from www.petersen.org :
Available for a Limited Time Only
December 14, 2012
The Petersen Museum is, for the first time in its history, opening its "vault" to the public for a short time. From Saturday, December 15 through Sunday, January 6, we will be offering a rare glimpse behind the scenes of the museum to show you the space where vehicles are worked on, maintained, and stored while not on display.
Here are the details*:
We strongly recommend reserving tickets ahead of time at the admissions desk or by calling 323-964-6331. We are open December 31, and January 1, including vault tours.
$25 per person (in addition to regular admission)
11am, 12:30pm, 2pm, 3:30pm, 5pm
Guests must be 13+ years of age.
Tours will be approximately 1 hour in length.
Please, NO food, drink, cameras, strollers, or contact with the vehicles. Photography is permitted in the museum, but not during the public vault tours. For more info on the rules of the museum, please see our F.A.Q.
I was talking to Gene yesterday about going, but the NO camera rule puts me off. Why is it ok to take pix of the cars while they're display, but not in the vault? I'm sure a lot of rare cars never get to the display.
A few years back, a fellow co-worker of mine and I participated in a "Rat-Fink" art contest that was shown at the Petersen Museum.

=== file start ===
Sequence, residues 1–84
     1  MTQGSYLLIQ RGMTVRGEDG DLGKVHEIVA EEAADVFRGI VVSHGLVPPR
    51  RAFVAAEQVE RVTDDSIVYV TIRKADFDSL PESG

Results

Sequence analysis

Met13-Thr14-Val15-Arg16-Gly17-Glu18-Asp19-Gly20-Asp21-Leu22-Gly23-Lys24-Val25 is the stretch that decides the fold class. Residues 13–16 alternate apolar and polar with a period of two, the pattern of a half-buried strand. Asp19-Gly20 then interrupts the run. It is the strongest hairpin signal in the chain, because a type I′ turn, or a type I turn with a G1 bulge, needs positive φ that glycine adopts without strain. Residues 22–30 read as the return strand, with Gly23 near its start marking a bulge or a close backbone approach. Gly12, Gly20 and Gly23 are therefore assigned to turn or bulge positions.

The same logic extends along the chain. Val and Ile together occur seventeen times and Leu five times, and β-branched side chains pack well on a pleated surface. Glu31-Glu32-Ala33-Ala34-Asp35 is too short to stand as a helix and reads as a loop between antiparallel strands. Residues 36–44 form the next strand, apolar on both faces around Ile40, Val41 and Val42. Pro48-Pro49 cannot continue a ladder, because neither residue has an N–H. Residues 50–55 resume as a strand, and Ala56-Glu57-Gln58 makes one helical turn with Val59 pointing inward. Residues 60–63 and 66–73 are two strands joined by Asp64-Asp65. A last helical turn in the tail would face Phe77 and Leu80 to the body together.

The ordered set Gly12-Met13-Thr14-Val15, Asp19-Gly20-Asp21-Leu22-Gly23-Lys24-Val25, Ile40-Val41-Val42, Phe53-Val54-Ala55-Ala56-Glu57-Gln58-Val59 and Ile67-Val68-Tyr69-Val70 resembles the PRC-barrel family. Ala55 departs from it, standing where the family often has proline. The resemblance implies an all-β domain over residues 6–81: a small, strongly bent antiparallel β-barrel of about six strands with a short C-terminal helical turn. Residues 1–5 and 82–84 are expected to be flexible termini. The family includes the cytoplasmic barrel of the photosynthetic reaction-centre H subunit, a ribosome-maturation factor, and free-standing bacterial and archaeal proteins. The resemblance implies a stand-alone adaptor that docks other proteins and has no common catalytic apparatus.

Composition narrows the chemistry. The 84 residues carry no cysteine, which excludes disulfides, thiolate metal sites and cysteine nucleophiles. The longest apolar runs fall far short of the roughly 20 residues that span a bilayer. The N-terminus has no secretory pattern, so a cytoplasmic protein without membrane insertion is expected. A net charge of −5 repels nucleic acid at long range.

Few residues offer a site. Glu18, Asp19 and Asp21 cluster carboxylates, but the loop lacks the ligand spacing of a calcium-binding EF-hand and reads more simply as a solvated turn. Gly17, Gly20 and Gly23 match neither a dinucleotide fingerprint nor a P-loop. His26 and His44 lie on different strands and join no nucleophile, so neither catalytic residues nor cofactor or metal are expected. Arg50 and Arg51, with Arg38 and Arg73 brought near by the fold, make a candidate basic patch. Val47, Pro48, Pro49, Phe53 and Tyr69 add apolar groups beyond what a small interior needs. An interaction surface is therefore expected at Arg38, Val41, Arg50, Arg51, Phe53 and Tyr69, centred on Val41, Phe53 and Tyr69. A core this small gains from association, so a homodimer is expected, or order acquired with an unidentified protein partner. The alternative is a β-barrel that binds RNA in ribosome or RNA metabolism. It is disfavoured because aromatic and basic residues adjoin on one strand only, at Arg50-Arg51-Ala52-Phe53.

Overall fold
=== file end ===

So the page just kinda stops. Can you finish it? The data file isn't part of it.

The piece was rather sizable and contained electronics and other things that needed to be assembled/disassembled by my friend and I.
When the show ended, the head curator contacted us to come down and disassemble the piece and remove it. He was a really nice guy (can't recall his name) and when we finished, he asked us if we would like a tour of the basement.
Being a car guy since I was in elementary school, I jumped at the chance. We were not disappointed. Among many notable vehicles we saw were Khrushchev's 1960-ish ZIM limousine. It looks like a '55-'56 Packard. All the dash control bezels and under hood instruction stickers are in Russian of course. There was a translation sheet on the front seat explaining what each dash control was for. The car is like new.
There were also two Muntz Jet convertibles in very rough shape. You'll also find a few concept cars down there that may possibly have come from the Otis School of Design.
Camera or not, it's worth a peek (at least it was for me).